Book Review:  You May Need Wine To Go With All This Whining

Publication date:  April 2019book cropped

Review, short version:  Two roses out of four for the wisdom; two skunks out of four for the whining.

Review, long version:

Even the title is whiny:  Fifty Things That Aren’t My Fault.

“Aren’t my fault!”

“Aren’t my fault!”

Can’t you just hear a four-year-old whining that?

On the other hand, as author/cartoonist Cathy Guisewite lists those fifty things in chapter one, I had to admit I agreed with some of them:

“It’s not my fault I was raised to think everything is my fault!”

Cartoonist Cathy Guisewite
Cathy and alter ego “Cathy” – the early days.

“It not my fault that women’s magazines have covers declaring we should embrace our beautiful natural curves, but 16 articles inside on how to get skinny!”

“It’s not my fault that things that shouldn’t matter – still matter.”

Whiny or otherwise – she’s right.

So Guisewite has some good things, and wise things, and funny things to say.

But still, in between chapters one and 48 it seemed like there was a whole lot of…

Whining.

About her life then, when she was so busy with her comic strip, and her life now, which whine cropped fixedhas gotten even busier:

“I thought than when I quit my job, the pace of all the change would slow down.  But it didn’t.  It sped up.”

About her weight, which involves a lot of body self-shaming:

“I remember the morning of a big meeting when I couldn’t get my ‘fat’ skirt buttoned.  Couldn’t get anything buttoned.  Nothing fit except for  my bathrobe.”

About her relationships with her mother, father, friends, the husband who became her ex, other men, and this, to her daughter: whine cropped fixed

“Is it too much to ask you to spend five minutes brushing your hair before you leave the house?”

About life in general, which isn’t fair to women, and the women’s movement, which didn’t deliver as promised:

“My days are too short, my lists are too long.  People aren’t where they’re supposed to be.  Everything’s changing without my permission.”

Then again, maybe it isn’t all whining.  Sometimes Cathy even sounds like me.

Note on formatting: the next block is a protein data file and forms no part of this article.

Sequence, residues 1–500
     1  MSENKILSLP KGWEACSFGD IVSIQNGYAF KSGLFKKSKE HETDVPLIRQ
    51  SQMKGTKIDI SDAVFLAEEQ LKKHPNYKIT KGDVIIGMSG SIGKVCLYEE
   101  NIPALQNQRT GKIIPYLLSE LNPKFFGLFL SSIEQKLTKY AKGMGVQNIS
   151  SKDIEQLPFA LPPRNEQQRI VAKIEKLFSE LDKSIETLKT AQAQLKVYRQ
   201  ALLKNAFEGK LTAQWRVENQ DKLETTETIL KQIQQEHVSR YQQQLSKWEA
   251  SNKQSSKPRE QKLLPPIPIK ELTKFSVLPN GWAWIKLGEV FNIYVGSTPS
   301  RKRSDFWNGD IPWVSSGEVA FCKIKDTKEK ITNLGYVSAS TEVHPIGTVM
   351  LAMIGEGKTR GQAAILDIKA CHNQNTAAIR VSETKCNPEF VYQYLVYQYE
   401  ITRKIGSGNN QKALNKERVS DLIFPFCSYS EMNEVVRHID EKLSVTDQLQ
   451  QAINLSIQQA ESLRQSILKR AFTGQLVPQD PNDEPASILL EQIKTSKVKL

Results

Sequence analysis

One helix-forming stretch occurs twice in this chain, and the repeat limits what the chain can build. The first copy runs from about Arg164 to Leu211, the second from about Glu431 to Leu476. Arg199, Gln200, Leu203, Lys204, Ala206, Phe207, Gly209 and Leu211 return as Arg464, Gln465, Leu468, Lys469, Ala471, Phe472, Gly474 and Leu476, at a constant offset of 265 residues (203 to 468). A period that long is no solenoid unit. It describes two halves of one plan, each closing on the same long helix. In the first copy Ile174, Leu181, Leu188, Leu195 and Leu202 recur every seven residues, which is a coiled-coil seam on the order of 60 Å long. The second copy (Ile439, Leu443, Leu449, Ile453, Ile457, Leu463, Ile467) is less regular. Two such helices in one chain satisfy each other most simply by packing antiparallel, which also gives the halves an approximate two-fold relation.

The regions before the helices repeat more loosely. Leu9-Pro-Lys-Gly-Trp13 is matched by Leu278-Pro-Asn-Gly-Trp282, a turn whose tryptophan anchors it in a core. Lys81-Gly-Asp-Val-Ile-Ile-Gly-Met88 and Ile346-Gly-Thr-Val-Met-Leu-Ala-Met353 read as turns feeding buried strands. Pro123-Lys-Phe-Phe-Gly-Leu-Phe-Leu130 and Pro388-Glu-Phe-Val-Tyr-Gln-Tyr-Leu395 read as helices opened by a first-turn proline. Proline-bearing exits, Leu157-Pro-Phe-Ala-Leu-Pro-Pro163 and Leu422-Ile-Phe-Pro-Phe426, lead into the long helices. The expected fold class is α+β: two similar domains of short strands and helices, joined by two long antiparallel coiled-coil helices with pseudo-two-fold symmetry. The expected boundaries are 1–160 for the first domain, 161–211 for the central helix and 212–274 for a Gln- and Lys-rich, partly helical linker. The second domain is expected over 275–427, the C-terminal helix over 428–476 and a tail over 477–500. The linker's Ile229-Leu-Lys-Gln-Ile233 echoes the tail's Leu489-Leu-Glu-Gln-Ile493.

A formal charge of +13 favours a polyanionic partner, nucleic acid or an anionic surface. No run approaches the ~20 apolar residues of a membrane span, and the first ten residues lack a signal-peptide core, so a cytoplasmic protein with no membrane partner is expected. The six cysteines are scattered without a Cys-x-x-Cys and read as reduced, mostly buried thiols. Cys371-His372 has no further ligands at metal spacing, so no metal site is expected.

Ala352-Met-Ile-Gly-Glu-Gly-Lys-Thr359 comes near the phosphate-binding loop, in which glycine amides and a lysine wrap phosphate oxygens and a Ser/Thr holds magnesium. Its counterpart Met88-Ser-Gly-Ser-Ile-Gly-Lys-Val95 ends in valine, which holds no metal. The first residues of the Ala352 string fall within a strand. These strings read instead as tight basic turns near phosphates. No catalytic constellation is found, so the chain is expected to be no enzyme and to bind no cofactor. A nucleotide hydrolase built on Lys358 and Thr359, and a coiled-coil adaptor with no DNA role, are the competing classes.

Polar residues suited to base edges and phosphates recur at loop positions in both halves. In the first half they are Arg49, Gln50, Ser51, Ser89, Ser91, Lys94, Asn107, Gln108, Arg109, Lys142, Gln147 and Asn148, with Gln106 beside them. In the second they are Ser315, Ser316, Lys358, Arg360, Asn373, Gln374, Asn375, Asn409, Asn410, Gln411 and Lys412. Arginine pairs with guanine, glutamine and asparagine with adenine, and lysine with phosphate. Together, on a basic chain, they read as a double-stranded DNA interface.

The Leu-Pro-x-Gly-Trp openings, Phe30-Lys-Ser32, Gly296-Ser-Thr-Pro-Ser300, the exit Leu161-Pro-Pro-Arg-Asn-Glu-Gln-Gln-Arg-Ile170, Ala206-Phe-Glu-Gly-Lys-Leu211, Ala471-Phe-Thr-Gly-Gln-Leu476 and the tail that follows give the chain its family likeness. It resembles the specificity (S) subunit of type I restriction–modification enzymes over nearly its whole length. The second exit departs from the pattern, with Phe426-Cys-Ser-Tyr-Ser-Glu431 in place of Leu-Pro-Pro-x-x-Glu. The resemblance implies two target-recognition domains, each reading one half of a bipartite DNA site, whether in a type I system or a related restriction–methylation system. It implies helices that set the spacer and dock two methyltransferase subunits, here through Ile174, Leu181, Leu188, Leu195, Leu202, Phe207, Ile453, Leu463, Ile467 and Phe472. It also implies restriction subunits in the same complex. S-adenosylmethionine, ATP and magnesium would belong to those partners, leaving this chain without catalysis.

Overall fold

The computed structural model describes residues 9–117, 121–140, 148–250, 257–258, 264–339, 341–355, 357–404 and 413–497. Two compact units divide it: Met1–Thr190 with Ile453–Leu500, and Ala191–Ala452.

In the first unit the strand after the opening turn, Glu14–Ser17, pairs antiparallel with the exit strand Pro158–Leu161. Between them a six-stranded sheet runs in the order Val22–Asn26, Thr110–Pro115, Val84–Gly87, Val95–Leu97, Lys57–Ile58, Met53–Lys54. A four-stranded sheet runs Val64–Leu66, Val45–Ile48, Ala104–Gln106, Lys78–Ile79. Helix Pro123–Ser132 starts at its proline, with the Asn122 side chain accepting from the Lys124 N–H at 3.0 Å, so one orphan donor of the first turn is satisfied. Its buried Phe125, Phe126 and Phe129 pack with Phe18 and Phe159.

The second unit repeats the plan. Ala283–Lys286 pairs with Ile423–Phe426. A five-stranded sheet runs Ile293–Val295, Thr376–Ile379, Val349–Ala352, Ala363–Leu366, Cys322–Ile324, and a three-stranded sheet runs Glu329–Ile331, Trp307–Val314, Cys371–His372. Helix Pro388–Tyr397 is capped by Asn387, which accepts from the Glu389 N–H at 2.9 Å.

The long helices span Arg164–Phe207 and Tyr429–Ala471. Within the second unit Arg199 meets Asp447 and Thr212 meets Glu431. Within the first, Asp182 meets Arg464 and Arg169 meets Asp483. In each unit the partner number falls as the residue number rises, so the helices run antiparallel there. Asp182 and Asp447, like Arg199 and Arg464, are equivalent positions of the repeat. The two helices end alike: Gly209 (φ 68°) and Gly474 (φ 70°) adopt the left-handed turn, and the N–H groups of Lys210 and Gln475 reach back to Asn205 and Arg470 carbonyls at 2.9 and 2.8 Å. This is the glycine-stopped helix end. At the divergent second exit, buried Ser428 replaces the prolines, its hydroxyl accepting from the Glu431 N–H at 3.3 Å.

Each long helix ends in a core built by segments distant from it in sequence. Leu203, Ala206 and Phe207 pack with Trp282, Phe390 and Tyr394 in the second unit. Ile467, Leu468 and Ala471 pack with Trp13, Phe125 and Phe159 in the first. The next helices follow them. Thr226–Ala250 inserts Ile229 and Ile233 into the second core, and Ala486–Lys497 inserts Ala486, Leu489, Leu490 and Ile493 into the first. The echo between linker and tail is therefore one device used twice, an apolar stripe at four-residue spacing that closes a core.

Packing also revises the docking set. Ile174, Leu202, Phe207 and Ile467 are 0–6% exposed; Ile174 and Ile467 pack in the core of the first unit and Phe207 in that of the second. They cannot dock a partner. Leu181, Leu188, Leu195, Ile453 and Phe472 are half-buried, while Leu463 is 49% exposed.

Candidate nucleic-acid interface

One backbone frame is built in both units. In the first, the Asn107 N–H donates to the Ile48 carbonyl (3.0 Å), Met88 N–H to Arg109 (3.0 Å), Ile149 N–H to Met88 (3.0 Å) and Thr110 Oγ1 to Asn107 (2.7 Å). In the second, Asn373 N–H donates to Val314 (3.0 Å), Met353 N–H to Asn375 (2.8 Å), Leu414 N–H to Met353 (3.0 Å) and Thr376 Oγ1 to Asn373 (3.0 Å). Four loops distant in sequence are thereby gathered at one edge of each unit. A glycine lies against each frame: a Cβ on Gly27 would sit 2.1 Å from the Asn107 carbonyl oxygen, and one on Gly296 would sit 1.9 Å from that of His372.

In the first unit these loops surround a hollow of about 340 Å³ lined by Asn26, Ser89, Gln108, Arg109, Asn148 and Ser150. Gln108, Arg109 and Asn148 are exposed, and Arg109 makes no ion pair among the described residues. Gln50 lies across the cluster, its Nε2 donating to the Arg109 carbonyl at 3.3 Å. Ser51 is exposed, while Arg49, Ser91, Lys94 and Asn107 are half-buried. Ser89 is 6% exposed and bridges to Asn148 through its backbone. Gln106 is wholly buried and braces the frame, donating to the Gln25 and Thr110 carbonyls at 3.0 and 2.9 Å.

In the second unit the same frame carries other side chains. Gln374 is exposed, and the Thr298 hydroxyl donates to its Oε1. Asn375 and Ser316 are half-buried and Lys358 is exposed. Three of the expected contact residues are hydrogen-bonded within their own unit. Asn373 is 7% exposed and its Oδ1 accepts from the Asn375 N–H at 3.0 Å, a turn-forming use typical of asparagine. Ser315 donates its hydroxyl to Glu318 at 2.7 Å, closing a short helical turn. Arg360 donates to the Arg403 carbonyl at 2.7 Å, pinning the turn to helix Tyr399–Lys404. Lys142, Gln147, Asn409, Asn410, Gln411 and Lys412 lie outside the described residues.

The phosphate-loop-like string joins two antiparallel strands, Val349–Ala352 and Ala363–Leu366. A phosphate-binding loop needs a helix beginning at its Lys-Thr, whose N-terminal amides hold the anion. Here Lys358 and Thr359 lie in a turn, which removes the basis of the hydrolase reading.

The reason Cathy sounds like me and many other women is that her comic strip, Cathy, was the first to speak humorously and directly to a female audience.  On everything from trying on bathing suits to boyfriends, she spoke the truth in a funny, relatable way.  She let women know they weren’t alone in their struggle in a world that was radically changing – ready or not.

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Guisewite was born in 1950, which means she was coming of age at the same time as the women’s movement.  She got a degree in English from U of M, then worked in various advertising agencies, and drew funny pictures about her work and life and relationships “in which to dump all my aggravations,” as she says on her website.

Her doodlings led to a comic strip, Cathy, in 1976, eventually appearing daily in 1400 newspapers, before she retired the strip in 2010.  That’s a remarkable 34 years, a long life for a comic strip, and even more remarkable because this was – and is – a field where men far outnumber the women.

comic strip -- facebook
Guisewite started her “Cathy” comic strip in 1976, and as technology evolved, so did “Cathy.”

Tackling a book project sounds like a bad idea for someone whose life has already “sped up,” but Guisewite says Fifty Things was a chance to reconnect with her comic strip readers, now “in our grown-up years.”

So grab a glass of wine, skim the whining, and enjoy the wisdom.

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